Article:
Nevertheless, this resignation is a wake-up call to both George Osborne and David Cameron. They need to explain their methods and their motivations, to win the people over to their side and restore a sense of direction to this Government.

Of course, the Opposition Leader cannot let this resignation go without comment:

The Express

‘Osborne has failed Brits’ Corbyn calls for Chancellor to RESIGN after Duncan-Smith quits

The Labour leader slammed Mr Osborne’s “record of profound unfairness and economic failure”, claiming the Chancellor had “failed the British People”. He added: “The resignation of Iain Duncan Smith reveals a Government in disarray and a Chancellor who has lost the credibility to manage the economy in the interests of the majority of our people.“The Budget has exposed George Osborne’s record of profound unfairness and economic failure. “Not only must the cuts to support for disabled people be abandoned, but the Government must change economic course.

This resignation is so important that the results of the Summit in Brussels which closed yesterday with a “deal” with Turkey doesn’t get much of a look-in, except in

The Express

We can’t stop the migrants: EU says Britain has ‘MORAL DUTY’ to Turkey to accept refugees

THE EU sparked a furious row last night by saying Britain and the rest of the bloc had a “moral duty” to accept all refugees arriving by boat.Christos Stylianides, the EU commissioner in charge of immigration, enraged Eurosceptics by insisting that turning boats full of migrants round and sending them back to Turkey or Libya is “against our EU values.” Mr Stylianides is said to have to become angry when he was asked why the EU has not adopted the Australian system of sending boats full of illegal migrants back to their point of origin. The revelation came as EU leaders threw open the Continent’s doors to Turkey in a deal to tackle the refugee crisis. Talks to start the Turkish accession to EU membership process will now start in days and will eventually give its 77million citizens the right to come to the UK.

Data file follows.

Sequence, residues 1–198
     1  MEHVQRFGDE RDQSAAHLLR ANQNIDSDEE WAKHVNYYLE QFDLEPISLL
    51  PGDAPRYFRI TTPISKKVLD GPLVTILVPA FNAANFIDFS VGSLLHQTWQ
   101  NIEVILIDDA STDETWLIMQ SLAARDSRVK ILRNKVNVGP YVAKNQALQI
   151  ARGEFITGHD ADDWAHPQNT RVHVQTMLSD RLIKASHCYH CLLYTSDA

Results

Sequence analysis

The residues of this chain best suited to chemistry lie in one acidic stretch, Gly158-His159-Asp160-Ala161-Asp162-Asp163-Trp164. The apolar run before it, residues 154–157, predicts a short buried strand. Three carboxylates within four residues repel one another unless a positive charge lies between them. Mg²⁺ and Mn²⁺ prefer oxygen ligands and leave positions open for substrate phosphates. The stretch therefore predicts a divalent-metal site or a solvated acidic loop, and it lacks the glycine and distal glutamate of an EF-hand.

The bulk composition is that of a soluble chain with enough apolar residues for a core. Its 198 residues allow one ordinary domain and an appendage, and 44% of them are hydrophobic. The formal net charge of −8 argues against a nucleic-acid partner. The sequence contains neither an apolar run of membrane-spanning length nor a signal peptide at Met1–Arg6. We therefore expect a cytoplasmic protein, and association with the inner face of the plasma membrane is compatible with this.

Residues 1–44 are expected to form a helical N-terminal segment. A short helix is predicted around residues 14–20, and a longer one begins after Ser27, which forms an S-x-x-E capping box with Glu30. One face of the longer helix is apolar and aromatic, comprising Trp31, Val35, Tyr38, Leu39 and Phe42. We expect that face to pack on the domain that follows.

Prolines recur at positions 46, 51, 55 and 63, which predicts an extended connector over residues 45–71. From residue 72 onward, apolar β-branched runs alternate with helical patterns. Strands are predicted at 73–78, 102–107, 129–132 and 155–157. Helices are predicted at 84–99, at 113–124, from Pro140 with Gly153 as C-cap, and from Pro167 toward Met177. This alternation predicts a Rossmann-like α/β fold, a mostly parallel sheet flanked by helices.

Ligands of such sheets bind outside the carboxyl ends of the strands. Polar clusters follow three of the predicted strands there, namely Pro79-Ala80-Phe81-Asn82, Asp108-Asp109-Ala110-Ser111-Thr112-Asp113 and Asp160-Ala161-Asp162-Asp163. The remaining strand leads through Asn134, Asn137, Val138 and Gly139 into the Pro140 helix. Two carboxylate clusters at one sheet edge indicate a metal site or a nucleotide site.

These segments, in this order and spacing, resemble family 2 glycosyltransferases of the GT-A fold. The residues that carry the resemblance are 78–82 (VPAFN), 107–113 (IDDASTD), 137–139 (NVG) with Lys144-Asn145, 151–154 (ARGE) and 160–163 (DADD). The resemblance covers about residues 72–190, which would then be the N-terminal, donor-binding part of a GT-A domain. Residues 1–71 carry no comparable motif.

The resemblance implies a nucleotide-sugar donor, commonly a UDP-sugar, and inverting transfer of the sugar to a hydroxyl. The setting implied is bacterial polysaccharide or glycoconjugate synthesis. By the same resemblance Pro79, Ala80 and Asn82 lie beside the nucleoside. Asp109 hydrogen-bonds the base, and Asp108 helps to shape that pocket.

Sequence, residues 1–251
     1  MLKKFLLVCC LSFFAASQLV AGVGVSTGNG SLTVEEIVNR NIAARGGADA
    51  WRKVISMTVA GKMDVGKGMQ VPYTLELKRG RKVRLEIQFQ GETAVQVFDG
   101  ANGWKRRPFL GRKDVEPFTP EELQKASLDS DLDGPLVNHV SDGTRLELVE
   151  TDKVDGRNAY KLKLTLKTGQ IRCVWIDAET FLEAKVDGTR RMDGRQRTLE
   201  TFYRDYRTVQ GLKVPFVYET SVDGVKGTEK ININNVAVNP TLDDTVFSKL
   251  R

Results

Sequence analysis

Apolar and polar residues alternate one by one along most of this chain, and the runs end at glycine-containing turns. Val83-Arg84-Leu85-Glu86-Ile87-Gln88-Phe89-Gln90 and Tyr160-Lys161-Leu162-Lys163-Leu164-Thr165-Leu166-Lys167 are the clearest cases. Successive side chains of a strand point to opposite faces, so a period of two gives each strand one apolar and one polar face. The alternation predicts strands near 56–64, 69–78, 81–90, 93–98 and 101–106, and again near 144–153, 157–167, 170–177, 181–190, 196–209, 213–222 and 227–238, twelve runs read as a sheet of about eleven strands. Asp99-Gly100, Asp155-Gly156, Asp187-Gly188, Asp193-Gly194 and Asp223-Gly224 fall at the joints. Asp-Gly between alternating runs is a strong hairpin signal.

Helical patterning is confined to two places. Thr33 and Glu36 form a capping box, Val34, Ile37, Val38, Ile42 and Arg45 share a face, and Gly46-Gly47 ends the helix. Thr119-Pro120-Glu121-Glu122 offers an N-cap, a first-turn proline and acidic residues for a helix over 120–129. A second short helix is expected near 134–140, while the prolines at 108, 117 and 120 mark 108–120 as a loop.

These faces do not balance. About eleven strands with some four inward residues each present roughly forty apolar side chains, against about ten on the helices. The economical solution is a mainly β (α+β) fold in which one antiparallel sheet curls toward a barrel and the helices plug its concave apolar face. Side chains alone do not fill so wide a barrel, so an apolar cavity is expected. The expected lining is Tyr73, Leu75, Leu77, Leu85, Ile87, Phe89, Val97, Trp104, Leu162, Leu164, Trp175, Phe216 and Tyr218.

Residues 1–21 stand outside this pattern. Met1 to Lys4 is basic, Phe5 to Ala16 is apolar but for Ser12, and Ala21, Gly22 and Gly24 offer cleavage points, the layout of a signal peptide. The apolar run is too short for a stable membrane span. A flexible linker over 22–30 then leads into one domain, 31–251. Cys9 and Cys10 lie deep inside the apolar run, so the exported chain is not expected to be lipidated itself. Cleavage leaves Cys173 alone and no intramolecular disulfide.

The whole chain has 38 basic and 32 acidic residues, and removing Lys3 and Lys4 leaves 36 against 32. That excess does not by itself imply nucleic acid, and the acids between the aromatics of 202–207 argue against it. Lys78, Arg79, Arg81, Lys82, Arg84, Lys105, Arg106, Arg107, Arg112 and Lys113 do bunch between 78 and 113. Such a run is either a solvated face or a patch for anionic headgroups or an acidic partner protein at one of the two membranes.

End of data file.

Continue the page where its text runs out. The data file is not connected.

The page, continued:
It is not just that EU Summit which didn’t get the attention it deserved, an announcement by David Cameron also got a brief look-in  only:

The Daily Mail

Fury as Iraq war report ‘faces being delayed until after the EU referendum despite ministers being given it next month’

The publication of the long-awaited Chilcot inquiry is to be delayed until after the EU referendum, it was reported last night.David Cameron’s decision to postpone the report into the Iraq War sparked accusations that he was deliberately deferring controversial announcements. The delay comes despite the fact that ministers will be given the report – expected to condemn senior political figures – next month. Government sources told The Daily Telegraph it was unlikely to be published until after the June 23 vote. The PM had suggested his plans were to publish the report within two weeks of receiving it. […] Former shadow home secretary David Davis said he was seeking a Commons motion demanding Sir John Chilcot’s report was published as soon as possible.